The issue is, in general, that the second bond-breaking step is happening to a different molecule to an isolated methane. Whatever the second step is, the starting point is not a complete methane. And, since the structure of a molecule affects the properties of all the bonds in it (though the effect might be small in a large molecule where the bonds are far apart), the second dissociation will, in general, be different from the first (and the bond energy will vary as a consequence).

While, hypothetically, a single concerted breaking of all 4 bonds could happen, this is likely to be vanishing rare or extraordinarily hard to achieve. If you could somehow do that reaction, then you would measure a different result. But that isn't what chemists are usually talking about when measuring or reporting bond strengths so any such result would be a rare oddity unrelated to most achievable results.

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  • $\begingroup$ Ah okay that makes sense. Am I right to say that the MO will change every time a bond is broken? $\endgroup$
    – user104941
    Commented Nov 28, 2021 at 8:34
  • $\begingroup$ @SanjayAdhith yes. The bonding structure of a molecule changes when atoms are removed. $\endgroup$
    – matt_black
    Commented Nov 28, 2021 at 11:48
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Bond energies are important, but you have to start somewhere. Actually, I'm surprised that the bond energies for the four dissociations are so similar. But that's a good start.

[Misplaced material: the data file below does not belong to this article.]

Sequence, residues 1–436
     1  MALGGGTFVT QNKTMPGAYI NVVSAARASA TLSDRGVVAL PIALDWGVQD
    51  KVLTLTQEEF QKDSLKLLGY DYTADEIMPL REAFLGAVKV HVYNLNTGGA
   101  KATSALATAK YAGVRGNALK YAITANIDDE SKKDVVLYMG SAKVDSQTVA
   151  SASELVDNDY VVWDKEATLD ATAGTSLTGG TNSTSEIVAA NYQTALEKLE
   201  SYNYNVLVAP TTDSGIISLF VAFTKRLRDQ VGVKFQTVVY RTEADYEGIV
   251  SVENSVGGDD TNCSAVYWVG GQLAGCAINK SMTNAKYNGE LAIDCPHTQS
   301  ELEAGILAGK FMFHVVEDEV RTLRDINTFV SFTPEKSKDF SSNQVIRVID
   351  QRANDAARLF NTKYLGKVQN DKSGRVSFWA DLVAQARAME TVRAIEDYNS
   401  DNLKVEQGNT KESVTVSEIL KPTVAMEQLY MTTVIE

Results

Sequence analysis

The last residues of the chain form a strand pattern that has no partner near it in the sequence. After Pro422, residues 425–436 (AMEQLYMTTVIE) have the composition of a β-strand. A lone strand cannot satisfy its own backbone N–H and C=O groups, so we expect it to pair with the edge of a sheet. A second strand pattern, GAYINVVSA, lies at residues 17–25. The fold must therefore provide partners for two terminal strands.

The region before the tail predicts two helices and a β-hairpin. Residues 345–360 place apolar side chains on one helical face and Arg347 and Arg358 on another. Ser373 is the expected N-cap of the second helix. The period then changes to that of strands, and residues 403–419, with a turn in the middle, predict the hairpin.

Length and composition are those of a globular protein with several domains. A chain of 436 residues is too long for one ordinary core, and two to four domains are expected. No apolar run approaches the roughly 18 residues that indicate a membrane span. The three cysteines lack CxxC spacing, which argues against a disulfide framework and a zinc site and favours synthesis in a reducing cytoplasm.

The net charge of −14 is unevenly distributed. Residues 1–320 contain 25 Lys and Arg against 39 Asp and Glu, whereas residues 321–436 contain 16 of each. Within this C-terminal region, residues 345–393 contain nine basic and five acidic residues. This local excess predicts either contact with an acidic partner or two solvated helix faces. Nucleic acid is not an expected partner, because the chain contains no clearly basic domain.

Now let's get into a bit more interesting compound: ethane. Very interesting!

enter image description here

The table is only part of the information on ethane given in an open access article (Ref 1). Note that the first C-H bond dissociation requires 422 kJ/mol, while the second requires 150 to 465 kJ/mol, depending on which bond you are breaking, because of what product you are making. Each line in the table is worth several paragraphs of explanation.

I admire your desire to tie up your knowledge neatly here - get a lot of string, because it's a very big package!

Ref 1. https://pubs.acs.org/doi/pdf/10.1021/acs.jpca.5b01346 Branko Ruscic, J. Phys. Chem. A 2015, 119, 28, 7810–7837

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    $\begingroup$ This is a well put together answer but I am afraid to say that I don't think that it answers OP's question. $\endgroup$ Commented Apr 7, 2021 at 18:20
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    $\begingroup$ @Nisarg: Thanks, you're right. I was answering the question so it satisfied me. In particular, I left out VSEPR calculations because the methane data really just say that the bonding between C and H is pretty uninteresting as far as CH4 goes. CH4 is too simple. BUT, bond energies help us to understand more complex molecules, and the bigger picture involves looking not just at the original molecule, but also at the final product. $\endgroup$ Commented Apr 7, 2021 at 21:52